Australian economist John Quiggin posted a high level event chart of the how Seriously Bad scenarios might play themselves out (from a talk by sustainability expert Chris Moran) and what the policy response might be. It includes probability estimates from 80 students.
However, as the chart shows, the rational calculus doesn’t bode well for forestalling a crisis. Doing nothing or free riding dominate as strategies. Quiggin takes us through the logic:
Last Tuesday 17th of April, the Environmental Engineering Sustainability Seminar Series hosted Chris Moran, from the Centre for Water in the Minerals Industry (CWiMI) and Sustainable Mineral Institute, University of Queensland, on the intriguing topic of sustainability in a doomed world. The main message from Moran’s talk is probably summarised in this figure:
The figure describes a series of events, starting now to an unspecified future. The numbers are average subjective probabilities assigned to the outcomes of each event by a sample of 80 students in engineering. The tree starts with considering the probability of an event of global and catastrophic consequences, such as climate change, oil scarcity, or meteor impact, etc.. According to the sample, it is a very likely event (94%), while there is only a 6% probability that it isn’t and that it is good to keep doing the same things (Business As Usual).
If a catastrophe is looming, an Action Plan A is clearly needed–say a binding, reinforced Kyoto protocol. The outcome of plan A is a Light/Soft feet society, that is a society that drastically reduces its footprint on the planet. Would it work? The sample is quite pessimistic. They assigned a probability of 26% to successful global plan to save the planet. If Plan A doesn’t work, would Plan B? Only with a 29% probability. And the outcome is a New Global Order, probably accompanied by resource conflicts. The failure of plan B would either bring human extinction or survival by sheer luck.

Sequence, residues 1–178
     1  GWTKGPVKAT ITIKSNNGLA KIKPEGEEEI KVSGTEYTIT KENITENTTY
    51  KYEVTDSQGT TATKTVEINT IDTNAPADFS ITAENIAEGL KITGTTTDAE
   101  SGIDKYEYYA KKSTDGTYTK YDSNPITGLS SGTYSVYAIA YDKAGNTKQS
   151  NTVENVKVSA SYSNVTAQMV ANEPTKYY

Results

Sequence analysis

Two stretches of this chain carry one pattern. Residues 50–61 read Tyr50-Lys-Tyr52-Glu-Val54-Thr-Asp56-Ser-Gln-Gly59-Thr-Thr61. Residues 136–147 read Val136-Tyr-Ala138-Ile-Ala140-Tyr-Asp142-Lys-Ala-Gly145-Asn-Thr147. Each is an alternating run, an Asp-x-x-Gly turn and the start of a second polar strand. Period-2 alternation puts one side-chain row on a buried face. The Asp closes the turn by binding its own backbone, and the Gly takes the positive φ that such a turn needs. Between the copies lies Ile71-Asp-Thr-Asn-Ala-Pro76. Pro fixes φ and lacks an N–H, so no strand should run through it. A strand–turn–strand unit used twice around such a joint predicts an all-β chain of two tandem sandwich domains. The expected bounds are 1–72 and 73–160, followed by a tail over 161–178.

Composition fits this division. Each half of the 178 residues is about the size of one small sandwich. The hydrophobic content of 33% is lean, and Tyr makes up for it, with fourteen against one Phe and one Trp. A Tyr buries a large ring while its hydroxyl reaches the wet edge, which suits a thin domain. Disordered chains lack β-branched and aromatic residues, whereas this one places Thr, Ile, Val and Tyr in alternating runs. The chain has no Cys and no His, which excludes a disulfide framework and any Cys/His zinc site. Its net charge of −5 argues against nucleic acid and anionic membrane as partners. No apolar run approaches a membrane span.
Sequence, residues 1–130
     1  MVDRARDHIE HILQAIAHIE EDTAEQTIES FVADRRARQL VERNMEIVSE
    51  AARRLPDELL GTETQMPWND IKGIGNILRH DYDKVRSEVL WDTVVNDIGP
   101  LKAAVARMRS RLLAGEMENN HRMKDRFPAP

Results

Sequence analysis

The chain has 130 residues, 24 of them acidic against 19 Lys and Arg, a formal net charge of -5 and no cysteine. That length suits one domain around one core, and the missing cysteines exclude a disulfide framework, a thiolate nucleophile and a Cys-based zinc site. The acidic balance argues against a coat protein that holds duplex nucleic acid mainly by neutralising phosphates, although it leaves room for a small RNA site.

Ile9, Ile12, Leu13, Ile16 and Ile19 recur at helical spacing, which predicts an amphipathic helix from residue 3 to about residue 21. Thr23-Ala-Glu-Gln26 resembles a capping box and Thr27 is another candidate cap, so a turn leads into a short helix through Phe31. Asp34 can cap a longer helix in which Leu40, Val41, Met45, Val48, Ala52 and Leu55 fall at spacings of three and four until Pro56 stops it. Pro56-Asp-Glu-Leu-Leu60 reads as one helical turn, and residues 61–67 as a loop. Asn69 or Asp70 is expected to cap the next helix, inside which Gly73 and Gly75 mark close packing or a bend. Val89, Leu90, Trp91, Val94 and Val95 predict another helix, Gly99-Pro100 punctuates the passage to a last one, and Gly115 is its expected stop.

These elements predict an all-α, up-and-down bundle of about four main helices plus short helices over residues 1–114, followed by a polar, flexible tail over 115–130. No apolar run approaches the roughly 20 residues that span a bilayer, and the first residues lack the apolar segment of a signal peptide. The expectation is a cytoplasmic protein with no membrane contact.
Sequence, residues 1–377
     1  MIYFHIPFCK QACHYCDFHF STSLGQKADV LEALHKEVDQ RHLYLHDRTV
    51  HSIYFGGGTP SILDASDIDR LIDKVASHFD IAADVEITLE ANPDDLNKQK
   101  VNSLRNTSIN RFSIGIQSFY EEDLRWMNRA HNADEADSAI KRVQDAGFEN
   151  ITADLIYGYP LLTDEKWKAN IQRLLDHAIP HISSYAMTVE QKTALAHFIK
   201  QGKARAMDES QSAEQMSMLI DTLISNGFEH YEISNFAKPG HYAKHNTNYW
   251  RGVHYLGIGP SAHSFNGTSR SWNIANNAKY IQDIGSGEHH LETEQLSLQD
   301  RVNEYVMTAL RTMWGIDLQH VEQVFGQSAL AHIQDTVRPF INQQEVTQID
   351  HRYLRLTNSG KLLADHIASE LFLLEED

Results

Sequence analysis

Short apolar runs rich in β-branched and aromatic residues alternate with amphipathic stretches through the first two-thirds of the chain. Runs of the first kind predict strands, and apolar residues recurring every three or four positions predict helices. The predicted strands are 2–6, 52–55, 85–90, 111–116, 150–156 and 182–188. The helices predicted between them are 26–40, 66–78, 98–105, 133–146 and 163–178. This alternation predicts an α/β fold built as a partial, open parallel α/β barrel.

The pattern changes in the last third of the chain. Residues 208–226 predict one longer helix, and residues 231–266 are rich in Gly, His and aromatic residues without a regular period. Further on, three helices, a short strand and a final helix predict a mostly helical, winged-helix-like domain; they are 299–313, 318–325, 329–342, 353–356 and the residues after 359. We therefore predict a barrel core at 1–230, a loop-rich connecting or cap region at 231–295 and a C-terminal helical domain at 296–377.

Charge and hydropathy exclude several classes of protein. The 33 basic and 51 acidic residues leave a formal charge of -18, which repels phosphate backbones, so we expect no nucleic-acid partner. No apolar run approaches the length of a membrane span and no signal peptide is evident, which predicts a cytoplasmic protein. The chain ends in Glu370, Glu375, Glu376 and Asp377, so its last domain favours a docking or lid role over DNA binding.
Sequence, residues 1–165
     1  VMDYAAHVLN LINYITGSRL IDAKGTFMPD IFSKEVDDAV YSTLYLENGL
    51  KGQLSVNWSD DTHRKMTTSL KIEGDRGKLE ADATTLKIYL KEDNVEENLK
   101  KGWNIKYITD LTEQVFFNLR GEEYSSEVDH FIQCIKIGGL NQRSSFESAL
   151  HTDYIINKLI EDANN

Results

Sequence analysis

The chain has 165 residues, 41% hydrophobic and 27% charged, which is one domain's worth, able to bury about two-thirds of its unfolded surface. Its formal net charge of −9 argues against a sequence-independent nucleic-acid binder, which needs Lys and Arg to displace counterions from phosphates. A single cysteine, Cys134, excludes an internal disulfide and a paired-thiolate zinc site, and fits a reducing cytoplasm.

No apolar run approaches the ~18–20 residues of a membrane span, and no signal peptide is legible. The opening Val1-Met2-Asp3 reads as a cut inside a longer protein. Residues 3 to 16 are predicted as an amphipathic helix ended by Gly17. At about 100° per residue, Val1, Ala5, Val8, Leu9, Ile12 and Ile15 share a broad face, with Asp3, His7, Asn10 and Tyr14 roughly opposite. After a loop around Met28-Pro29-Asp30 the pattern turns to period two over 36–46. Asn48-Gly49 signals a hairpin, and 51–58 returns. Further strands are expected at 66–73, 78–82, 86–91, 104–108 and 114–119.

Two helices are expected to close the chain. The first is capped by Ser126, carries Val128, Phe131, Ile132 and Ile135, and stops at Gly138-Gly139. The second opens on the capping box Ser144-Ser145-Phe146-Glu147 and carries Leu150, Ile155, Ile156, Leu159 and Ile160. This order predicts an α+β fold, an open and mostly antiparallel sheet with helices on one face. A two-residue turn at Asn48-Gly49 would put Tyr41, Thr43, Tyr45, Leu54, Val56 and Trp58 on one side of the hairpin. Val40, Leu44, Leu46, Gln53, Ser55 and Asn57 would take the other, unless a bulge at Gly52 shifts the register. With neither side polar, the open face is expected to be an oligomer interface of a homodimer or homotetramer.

Leaving aside the actual numbers in the figure, the event tree makes clear that there are no strong reasons to adopt a plan. If you are optimistic and believe there is no real global treat, no plan is needed. But if you are pessimistic all the way, a plan is pointless. Survival would be a matter of luck. And if you partly pessimistic–that is, you believe in a global threat and are optimistic on the success of plan A¬–your best move is free-riding. But then, how could you be optimistic on plan A? If free-riding is best for you, it is also for anyone else, and plan A cannot succeed. What is left is plan B. Conflicts over resources, environmental crisis and a new, unstable world order are its outcomes. Can we call it a desirable plan?
We are left with a pretty dismal picture. Not surprisingly, as remarked by Moran, lots of people in the mining industry are digging as fast as possible.